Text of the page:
If you like your sunshine with blood and guts then you’ve come to the right place, Damien. Here we see a seated LEGO figure built by Sandro Quattrini. At first glance, it may look like a sunny, meditative guru but upon closer inspection, you’ve got heart, lungs, intestines, all the important internal organs. The upsidedown minifig head as the heart is admittedly quite brilliant. Whether this is the workings of the builder’s crazed imagination or something inspired by a Tool album cover, I am not certain. However, it all somehow appeals to my dreary sensibilities. Upon real close inspection, it would seem that Sandro will need to send this sunny guru to the bathroom soon. Just sayin’.
I know it’s not what Jarek Książczyk intended, but the “Countess of Dis” sounds like a character from Lovecraftian reboot of Sesame Street. “One! Two! Three! Three elder gods! Ha ha ha!” Just don’t cross her even more sinister cousin, the Countess of Dat. But questionable mythology aside, you should take a moment and appreciate the amazing build here. I’m particularly impressed with the way the three main colors unify the build. The dragon wing along the figure’s back has just a touch of red in the dual-molded plastic, echoed in the cloth cape and the banners on the staff. The gold finials on the staff complement the chest armor and skirting, with great part usage like that carriage wheel front and center, and the weapon in the bodice. The black organic curves draw the eye and are matched by the folds in the skirt. Quality stuff.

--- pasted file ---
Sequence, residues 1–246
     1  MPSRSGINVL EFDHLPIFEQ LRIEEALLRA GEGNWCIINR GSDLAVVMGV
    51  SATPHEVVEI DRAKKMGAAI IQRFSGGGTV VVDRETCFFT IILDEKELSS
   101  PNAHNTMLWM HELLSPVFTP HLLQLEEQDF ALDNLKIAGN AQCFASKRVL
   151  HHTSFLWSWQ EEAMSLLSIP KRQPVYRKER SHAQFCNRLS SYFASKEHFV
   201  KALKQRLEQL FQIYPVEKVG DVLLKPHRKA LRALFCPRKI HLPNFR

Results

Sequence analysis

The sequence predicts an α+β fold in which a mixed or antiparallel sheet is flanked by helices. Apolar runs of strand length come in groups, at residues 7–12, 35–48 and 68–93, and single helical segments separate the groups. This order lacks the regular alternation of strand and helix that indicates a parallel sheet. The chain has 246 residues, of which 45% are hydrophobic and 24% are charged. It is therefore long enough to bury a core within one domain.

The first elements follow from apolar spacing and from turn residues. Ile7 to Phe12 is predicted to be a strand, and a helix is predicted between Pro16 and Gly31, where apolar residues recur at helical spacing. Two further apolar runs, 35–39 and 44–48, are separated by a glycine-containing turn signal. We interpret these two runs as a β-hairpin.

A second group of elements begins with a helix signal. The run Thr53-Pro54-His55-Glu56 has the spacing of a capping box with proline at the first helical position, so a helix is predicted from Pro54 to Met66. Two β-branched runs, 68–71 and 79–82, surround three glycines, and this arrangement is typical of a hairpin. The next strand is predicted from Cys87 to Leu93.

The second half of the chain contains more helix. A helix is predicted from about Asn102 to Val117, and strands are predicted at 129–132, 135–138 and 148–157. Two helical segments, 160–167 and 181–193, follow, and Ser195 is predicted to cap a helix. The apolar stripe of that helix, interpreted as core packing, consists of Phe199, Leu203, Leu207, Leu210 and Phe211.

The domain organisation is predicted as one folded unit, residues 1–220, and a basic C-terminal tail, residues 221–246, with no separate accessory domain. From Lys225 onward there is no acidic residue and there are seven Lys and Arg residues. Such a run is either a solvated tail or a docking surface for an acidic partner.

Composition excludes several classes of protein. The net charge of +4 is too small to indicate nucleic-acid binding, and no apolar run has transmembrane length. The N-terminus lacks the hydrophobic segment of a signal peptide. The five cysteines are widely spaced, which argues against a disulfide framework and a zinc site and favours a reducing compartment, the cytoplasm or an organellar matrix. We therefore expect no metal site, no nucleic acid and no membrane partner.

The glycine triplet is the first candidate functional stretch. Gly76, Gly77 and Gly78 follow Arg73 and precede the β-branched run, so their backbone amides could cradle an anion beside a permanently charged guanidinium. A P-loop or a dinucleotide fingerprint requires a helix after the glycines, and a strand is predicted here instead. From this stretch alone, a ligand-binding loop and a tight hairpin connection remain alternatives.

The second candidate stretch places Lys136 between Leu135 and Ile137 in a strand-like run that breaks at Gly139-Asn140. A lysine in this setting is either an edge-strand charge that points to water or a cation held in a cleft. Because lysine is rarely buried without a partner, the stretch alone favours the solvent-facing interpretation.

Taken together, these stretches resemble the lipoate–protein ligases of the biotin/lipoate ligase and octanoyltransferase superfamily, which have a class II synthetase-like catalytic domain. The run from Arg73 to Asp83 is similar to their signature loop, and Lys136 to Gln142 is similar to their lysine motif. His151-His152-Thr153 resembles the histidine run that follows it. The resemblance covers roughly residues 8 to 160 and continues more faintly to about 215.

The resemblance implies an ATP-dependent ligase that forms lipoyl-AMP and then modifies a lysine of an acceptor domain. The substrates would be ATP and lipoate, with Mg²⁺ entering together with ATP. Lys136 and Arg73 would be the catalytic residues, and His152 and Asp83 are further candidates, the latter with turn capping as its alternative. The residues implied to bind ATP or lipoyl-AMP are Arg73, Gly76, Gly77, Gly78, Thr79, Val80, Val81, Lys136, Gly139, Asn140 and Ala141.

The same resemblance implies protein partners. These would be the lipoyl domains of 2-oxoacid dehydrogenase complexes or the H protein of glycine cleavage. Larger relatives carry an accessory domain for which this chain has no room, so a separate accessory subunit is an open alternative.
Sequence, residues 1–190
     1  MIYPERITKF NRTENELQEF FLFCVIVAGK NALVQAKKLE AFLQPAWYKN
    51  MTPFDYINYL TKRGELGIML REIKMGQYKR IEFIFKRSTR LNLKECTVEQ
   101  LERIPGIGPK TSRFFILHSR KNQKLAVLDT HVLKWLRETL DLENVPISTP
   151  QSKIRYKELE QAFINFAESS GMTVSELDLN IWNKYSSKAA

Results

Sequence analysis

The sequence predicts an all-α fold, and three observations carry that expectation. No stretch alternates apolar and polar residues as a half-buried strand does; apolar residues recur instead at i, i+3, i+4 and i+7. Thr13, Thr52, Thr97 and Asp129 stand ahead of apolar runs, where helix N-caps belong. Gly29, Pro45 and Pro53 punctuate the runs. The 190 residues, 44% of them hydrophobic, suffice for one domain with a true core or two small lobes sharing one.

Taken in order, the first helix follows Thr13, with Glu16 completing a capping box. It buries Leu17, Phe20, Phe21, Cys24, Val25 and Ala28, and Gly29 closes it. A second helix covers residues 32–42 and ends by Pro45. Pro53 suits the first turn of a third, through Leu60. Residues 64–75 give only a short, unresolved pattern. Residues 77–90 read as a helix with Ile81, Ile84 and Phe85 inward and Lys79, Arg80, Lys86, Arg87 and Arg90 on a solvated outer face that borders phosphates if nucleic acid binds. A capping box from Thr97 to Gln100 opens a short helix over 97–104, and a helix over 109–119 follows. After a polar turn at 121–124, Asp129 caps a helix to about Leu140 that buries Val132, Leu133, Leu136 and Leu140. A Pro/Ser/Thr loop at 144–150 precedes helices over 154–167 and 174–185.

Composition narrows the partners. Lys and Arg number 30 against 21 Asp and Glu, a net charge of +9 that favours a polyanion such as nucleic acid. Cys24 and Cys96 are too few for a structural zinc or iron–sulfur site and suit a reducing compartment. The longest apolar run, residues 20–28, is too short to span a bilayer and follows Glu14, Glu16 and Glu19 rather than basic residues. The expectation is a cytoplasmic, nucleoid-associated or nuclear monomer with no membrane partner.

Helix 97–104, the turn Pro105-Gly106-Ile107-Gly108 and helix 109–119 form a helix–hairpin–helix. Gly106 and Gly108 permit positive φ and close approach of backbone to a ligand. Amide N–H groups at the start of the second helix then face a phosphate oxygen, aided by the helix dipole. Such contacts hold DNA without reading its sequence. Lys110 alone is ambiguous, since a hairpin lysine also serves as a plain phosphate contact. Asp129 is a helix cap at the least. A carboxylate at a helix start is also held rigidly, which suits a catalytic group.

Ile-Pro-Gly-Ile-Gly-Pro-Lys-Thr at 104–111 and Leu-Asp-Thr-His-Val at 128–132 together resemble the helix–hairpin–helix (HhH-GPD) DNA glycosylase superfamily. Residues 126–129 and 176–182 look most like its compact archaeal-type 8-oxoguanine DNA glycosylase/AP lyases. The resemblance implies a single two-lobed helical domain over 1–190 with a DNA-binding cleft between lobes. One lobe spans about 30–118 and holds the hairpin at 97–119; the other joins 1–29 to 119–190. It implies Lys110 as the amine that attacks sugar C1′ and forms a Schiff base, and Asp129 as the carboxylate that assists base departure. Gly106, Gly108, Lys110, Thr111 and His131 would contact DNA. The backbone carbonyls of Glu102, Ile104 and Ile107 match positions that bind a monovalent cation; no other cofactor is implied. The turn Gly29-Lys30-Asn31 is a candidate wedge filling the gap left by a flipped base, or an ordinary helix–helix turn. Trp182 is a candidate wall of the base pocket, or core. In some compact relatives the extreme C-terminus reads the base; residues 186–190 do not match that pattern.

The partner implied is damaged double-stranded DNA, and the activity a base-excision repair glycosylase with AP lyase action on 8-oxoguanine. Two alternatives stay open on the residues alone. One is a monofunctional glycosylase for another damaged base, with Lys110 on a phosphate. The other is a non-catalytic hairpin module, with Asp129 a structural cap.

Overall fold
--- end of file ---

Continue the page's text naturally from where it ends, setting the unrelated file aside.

But is this a build worthy of worship? Well, a bonus supplicant created by Jarek sure seems to think so. I’m not sure exactly what is being offered here, but the use of a gold-chrome hemishere makes it seem like a rare treat indeed. Green Jell-O, maybe? (Who are we to question the desires of the ancient ones?)
If these beings have you wanting to look at other eerie creations, check out more featured builds in our Lovecraft tag!